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Poplar-spruce aphidsOn this page: Pachypappa Pachypappa tremulae Pachypappa warshavensis
There are about 13 species which host alternate between Populus (poplar) species and the roots of Picea (spruce).
Pachypappa tremulae (Aspen-spruce aphid)
In springtime Pachypappa tremulae fundatrices (not shown here) may be found on the twigs of aspen (Populus tremula). They are unusually large (body length 5.0-6.6 mm) and are almost globular. They are a dirty reddish or yellowish brown colour, but appear silvery as they are covered with long fine hairs. They have no siphuncular pores and do not secrete any wax. The offspring of the fundatrix move on to the new shoots and form a rosette like leaf nest (see first picture below) formed by bending of the leaf petioles and stunting of growth of the shoot.
Guest images copyright Volker Fäßler, all rights reserved
These offspring all develop to winged individuals (see second picture above) which are orange or reddish brown, covered in wax and with very small siphuncular pores. They migrate in June to form colonies on the roots of spruce (Picea abies). Pachypappa tremulae apterae on spruce are pale yellowish white with tufts of wax posteriorly. Sexual forms then return to aspen in autumn.
Pachypappa tremulae is widely distributed in the northern palaearctic, east to China and Japan.
Pachypappa warshavensis (Poplar leaf-nest gall aphid)
Pachypappa warshavensis forms loose leaf nest galls (see two pictures below) among leaves of white poplar (Populus alba), grey poplar (Populus canescens) or Euphrates poplar (Populus euphratica). The wingless fundatrix is reddish-brown with a body length of 3.5-4.0 mm. The offspring of the Pachypappa warshavensis fundatrix have a reddish brown abdomen - immatures are shown in the first picture below. They all develop into alates (see second picture below) with a body length of 3.0-3.2 mm.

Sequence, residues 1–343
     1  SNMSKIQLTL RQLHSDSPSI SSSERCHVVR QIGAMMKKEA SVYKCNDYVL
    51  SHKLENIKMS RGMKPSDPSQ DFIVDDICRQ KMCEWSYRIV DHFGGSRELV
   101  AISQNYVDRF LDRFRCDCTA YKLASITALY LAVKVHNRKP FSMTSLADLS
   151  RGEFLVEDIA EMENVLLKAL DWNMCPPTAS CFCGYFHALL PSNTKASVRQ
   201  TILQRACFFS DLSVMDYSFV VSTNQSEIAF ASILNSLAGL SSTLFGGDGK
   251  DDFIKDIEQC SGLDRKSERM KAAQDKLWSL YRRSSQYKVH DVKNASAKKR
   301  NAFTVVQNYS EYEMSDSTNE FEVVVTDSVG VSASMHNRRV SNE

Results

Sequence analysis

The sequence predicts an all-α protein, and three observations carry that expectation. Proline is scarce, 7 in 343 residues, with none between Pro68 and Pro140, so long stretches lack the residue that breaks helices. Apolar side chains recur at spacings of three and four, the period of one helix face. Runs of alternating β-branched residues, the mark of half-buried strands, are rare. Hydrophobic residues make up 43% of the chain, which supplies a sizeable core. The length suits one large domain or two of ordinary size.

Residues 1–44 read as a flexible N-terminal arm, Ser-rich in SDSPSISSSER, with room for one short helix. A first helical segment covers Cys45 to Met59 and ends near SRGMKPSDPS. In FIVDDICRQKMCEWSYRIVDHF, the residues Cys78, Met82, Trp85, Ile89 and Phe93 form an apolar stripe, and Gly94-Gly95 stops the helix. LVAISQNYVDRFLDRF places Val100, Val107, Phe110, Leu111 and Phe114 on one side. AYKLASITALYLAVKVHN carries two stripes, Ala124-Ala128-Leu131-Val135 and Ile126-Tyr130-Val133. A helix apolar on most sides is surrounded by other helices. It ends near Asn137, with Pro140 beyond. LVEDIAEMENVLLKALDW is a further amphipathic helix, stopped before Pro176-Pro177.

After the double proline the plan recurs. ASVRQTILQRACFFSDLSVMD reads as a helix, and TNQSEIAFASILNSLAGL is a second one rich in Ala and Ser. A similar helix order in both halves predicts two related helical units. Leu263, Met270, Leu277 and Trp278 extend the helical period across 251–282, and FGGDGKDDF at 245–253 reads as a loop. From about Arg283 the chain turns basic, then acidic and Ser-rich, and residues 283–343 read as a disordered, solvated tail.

Images copyright Dr László Érsek, all rights reserved.
A distinguishing feature of the adult Pachypappa warshavensis is the absence of small hairs on the forewing membrane (cf. Pachypappa vesicalis which has small hairs on the membrane of its forewing). Also there are 4-6 secondary rhinaria with thick sclerotic rims on the third antennal segment, often confined to the distal half of that segment.
Feeding on poplar leaves is concentrated on the petioles, which causes the leavers to fold over, thus creating a leaf nest. The alate Pachypappa warshavensis that develop in the leaf-nest are thought to migrate in June to the roots of poplar (Populus) and willow (Salix) species. Sexual forms return to poplar in autumn. Pachypappa warshavensis is found in Europe and central Asia.